Apply these 3 steps to increase your gross margin through pricing.
One part of pricing in QSR is the art of balancing margin, transactions and costs. As a regional QSR, sometimes you need a quick and simple, yet proven, method to find your optimum pricing.
Below are 3 steps that can help you:
1. Clearly establish your goal.
A typical pricing scenario starts with looking at food costs, then setting the price to achieve a margin goal that will be deemed acceptable by management.
However, you must first decide how you want your price to affect your customers’ behavior.
Do you want to maximize single transaction margin, or do you want to maximize repeat purchases over a set time period and greatly increase your total margin? You may be able to do both. But you’ll be more profitable to start with the goal of repeat purchase.
2. Use a pricing methodology such as the Van Westendorp model to help you set your price.
Van Westendorp’s Price Sensitivity Meter is a direct technique to research pricing. This model is based on the responses to 4 simple questions:
Q1: At what price would you consider the product/service to be priced so low that you feel that the quality can’t be very good?
Q2: At what price would you consider this product/service to be a bargain—a great buy for the money?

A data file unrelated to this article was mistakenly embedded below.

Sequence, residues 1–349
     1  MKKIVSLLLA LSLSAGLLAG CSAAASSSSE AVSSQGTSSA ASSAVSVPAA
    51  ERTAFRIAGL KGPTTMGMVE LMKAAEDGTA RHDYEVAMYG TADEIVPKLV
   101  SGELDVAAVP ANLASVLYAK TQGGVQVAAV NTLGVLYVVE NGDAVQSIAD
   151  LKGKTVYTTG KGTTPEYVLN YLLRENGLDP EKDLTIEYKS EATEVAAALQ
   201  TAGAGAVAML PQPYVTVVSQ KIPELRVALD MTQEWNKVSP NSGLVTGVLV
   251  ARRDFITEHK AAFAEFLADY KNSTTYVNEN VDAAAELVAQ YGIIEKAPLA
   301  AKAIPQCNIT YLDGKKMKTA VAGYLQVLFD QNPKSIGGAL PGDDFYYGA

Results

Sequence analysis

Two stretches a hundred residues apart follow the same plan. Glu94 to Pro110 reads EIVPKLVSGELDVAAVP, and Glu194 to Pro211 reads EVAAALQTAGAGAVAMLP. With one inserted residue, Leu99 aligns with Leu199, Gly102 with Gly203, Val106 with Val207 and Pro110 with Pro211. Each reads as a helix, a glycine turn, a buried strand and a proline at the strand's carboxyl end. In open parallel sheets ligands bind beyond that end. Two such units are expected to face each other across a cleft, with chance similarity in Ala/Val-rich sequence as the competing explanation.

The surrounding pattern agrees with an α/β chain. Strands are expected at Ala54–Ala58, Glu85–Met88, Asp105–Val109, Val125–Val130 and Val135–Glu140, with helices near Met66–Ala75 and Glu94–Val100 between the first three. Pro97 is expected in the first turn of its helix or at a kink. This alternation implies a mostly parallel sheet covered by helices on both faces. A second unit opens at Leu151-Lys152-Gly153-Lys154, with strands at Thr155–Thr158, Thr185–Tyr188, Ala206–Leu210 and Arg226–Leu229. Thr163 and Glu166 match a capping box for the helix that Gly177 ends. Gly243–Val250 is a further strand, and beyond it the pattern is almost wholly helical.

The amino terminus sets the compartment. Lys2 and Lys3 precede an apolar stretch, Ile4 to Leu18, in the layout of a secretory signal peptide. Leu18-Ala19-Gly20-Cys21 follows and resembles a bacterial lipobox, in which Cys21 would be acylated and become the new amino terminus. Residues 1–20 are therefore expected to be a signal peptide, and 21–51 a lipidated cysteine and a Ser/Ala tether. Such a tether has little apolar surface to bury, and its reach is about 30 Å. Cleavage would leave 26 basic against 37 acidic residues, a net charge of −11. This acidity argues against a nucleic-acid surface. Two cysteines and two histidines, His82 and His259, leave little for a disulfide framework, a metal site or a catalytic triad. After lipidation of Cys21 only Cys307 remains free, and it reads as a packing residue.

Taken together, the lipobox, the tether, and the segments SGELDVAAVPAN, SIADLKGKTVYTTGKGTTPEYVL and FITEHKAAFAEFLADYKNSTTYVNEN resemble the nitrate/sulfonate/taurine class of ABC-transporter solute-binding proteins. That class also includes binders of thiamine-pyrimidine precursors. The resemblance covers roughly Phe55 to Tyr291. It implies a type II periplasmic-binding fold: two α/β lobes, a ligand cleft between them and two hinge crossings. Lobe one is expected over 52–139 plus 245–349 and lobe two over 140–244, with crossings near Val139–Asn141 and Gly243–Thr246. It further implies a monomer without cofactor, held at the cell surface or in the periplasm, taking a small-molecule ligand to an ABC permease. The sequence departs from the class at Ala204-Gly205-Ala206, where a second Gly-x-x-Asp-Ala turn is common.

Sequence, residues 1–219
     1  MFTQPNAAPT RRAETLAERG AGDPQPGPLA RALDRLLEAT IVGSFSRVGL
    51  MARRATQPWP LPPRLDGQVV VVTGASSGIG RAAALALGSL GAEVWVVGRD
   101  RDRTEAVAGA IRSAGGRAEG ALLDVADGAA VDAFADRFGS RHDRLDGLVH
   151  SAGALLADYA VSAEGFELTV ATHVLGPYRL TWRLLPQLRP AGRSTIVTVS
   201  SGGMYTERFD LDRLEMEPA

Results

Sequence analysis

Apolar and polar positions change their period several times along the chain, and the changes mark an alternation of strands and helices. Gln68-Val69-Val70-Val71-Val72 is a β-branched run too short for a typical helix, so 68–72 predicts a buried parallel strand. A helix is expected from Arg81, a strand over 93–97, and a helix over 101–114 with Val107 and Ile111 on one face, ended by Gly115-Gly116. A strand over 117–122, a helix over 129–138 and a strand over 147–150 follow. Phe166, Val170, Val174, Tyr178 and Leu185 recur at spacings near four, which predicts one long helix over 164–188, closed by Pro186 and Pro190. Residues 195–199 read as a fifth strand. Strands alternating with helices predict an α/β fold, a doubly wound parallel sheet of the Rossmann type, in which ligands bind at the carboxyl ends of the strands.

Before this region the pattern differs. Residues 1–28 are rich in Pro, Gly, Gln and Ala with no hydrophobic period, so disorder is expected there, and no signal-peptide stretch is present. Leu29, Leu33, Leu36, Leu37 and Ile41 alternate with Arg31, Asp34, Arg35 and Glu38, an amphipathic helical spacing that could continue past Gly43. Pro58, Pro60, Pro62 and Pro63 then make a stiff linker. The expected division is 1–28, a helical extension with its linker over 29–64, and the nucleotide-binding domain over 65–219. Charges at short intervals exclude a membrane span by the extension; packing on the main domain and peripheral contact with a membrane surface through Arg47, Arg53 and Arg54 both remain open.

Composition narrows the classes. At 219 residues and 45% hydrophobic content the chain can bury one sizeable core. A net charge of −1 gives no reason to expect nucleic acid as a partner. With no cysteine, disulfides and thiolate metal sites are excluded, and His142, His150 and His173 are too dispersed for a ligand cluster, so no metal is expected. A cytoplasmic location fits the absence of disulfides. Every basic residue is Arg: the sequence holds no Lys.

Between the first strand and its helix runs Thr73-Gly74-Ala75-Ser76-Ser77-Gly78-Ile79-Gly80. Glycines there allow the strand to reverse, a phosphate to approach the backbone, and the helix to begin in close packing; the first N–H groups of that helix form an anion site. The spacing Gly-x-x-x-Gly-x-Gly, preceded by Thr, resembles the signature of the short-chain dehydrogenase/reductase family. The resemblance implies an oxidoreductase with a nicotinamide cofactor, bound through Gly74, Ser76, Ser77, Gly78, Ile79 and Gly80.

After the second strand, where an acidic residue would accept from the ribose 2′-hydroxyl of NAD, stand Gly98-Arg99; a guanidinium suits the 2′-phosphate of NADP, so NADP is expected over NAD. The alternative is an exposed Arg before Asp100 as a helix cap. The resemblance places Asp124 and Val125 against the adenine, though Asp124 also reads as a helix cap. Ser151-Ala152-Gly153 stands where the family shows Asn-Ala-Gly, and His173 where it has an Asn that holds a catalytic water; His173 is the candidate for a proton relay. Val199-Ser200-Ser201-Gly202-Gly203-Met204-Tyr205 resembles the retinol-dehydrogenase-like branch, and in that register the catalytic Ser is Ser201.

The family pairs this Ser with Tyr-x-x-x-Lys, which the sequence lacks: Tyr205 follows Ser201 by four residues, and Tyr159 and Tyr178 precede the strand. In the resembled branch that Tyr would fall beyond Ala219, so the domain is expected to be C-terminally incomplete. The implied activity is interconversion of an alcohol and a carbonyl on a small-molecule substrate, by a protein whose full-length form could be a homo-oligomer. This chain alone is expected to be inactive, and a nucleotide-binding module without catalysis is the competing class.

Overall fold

Q3: At what price would you say this product/service is starting to get expensive—it’s not out of the question, but you’d have to give some thought to buying it?
Q4: At what price would you consider the product/service to be so expensive that you would not consider buying it?
Once plotted on a graph, or “price map” (shown below), you can see an acceptable range of prices.
As you can see in the above map, you are plotting the cumulative percentage of responses to each price point. An excellent article by Mike Pritchard, called Van Westendorp Pricing, provides details for this methodology.
3. Test the price points for purchase intent.
With a simple online survey or customer intercepts at your stores, you can test the level of purchase intent at the different price points identified via the Van Westendorp survey. Use a Likert Scale when measuring purchase intent—which would look like the question and answer choices below:
How would you rate your likelihood of purchasing this product at this price? Would you say you are:
- Very likely
- Somewhat likely
- Somewhat unlikely
- Very unlikely
Now ask each respondent how often they visit your restaurant each month, and you can begin to model how profitable each price point might be.
There are no absolutes. But if you follow this methodology, you’ll go to test market with a much better chance of success.